Additional Resources – Training and Technical Assistance

children and child care providersSix Essential Program Practices: Program for Infant/Toddler Care (compilation)

These papers promote evidence-based program practices that support positive outcomes for infants and toddlers in group care settings. They emphasize the importance and seriousness of supporting child care professionals as they promote optimal infant and toddler development. Information shared in this series can be used to inform policy decisions and written guidance (for example, staff training materials, parent handbooks, program philosophy statements, and job descriptions) to support high-quality responsive care practices for infants and toddlers.

Primary Caregiving

Primary caregiving is the practice in which the care of each infant or toddler is assigned to one specific caregiver who is principally responsible for caring for that child in the care setting and communicating with the child’s family.

Continuity of Care

Continuity of care is the practice in which primary caregivers and children stay together for as long as possible (preferably for the children’s first 3 years), creating opportunities for caregiver–child, caregiver–family, and child–child relationships to develop and deepen over time.

Small Group Care

Small group care is the practice in which primary caregivers provide care for infants and toddlers in discrete groups, creating an intimate setting for interactions, care routines, and exploration.

Individualized Care

Individualized care is the practice of being responsive and adapting to each infant’s and toddler’s interests, needs, and abilities to support their healthy development

Culturally Responsive Care

Culturally responsive care is the practice of caring for children from culturally diverse families in ways that are consistent with their home practices and values.

Inclusive Care

Inclusive care is the practice of actively including infants and toddlers with disabilities or delays in group care settings, with appropriate accommodation and support.

Strengthening State and Territory Infant/Toddler Child Care System Policies and Practices: A Tool for Advancing Infant/Toddler Child Care Quality


This tool is designed to support state child care leaders and infant/toddler stakeholders as they assess, prioritize, plan, implement, and evaluate state policies in order to strengthen the quality of child care services infants, toddlers, and their families receive. The tool also aims to assist infant/toddler child care leaders as they create strategies, policies, protocols, and systems that:

  • identify relationship-based care as essential to quality infant/toddler child care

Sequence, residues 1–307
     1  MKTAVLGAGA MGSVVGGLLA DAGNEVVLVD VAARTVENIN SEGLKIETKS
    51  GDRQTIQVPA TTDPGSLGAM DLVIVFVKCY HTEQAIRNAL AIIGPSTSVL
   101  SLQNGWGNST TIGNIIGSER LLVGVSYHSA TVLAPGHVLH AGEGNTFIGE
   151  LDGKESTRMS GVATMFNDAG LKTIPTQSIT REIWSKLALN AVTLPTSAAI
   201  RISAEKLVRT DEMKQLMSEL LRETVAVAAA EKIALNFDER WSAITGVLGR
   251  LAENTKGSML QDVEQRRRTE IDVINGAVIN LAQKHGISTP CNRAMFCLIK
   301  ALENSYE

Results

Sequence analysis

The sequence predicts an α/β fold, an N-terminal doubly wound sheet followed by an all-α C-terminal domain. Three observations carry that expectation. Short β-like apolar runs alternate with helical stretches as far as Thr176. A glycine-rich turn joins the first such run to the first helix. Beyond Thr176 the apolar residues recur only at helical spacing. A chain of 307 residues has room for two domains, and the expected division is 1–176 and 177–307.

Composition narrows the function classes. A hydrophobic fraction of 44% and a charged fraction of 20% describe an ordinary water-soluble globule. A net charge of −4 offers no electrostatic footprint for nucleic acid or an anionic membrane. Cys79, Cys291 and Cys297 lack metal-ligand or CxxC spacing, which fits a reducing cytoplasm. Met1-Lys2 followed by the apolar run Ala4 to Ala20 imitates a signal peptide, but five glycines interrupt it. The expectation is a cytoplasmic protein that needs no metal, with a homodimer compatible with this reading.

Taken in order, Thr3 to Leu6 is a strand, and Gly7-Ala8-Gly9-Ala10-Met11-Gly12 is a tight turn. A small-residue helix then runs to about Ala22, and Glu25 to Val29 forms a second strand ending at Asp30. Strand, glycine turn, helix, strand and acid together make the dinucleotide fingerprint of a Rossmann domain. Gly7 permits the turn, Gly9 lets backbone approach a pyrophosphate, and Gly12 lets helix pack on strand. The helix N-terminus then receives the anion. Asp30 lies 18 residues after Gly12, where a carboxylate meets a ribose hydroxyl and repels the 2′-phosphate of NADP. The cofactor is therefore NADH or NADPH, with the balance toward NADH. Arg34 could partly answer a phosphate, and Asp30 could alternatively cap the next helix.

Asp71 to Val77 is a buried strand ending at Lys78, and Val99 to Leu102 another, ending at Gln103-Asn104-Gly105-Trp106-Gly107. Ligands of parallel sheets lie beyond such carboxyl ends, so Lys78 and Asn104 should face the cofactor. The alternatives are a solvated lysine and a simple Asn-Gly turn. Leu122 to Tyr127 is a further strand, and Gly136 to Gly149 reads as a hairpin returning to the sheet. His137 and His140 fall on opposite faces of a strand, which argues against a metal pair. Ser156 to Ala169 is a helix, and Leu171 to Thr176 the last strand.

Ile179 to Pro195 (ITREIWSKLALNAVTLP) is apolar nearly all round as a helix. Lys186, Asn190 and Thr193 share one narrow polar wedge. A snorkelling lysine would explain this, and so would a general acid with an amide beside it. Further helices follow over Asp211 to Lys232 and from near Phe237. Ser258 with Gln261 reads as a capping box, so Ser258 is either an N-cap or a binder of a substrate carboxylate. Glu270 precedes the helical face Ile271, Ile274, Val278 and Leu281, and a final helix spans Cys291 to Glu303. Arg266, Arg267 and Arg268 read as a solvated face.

• engage, inform, and connect with families of infants and toddlers
  • strengthen the quality and conditions of the infant/toddler workforce to help meet the unique needs of infants and toddlers in child care settings
  • increase the supply, health and safety, sustainability, and quality of infant/toddler child care settings
  • coordinate and integrate cross-sector systems that serve infants, toddlers, and their families

State and Territory Approaches to Improving the Supply and Quality of Child Care Programs and Services for Infants and Toddlers


This resource provides a snapshot of some of the ways States’ and Territories’ Child Care and Development Fund (CCDF) Plans reflect infant/toddler quality efforts and initiatives. The purpose of this resource is to provide a synopsis of plans to improve the supply and quality of child care programs and services for infants and toddlers to meet CCDF 3 percent set-aside requirements. The examples and approaches highlighted are extracted from the approved 2016–2018 CCDF Plans published June 16, 2016, on the Office of Child Care website. States and Territories can use this document to identify strengths and opportunities for infant/toddler child care quality improvement, to review other state and territory approaches to using their infant/toddler set-aside funds, and to learn about state and territory practices intended to improve the supply and quality of infant/toddler child care programs and services.

Resources from Our Partners

Frein B. (2016). Strategies for building quality infant-toddler supply. Paper presented at the Quality Rating and Improvement System Annual Conference—Establishing an Ecosystem for High-Quality Early Learning, New Orleans, LA. Retrieved November 21, 2016, from

National Center on Child Care Professional Development Systems and Workforce Initiatives, Office of Child Care and Office of Head Start, Administration for Children and Families, U.S. Department of Health and Human Services. (2012). Infant and toddler continuity of care assessment tool. Retrieved November 21, 2016, from

Stoney, L. (2015). Financing high-quality center-based infant-toddler care: Options and opportunities. (Report by Early Educator Central to the Office of Child Care and the Office of Head Start, U.S. Department of Health and Human Services). Retrieved November 21, 2016, from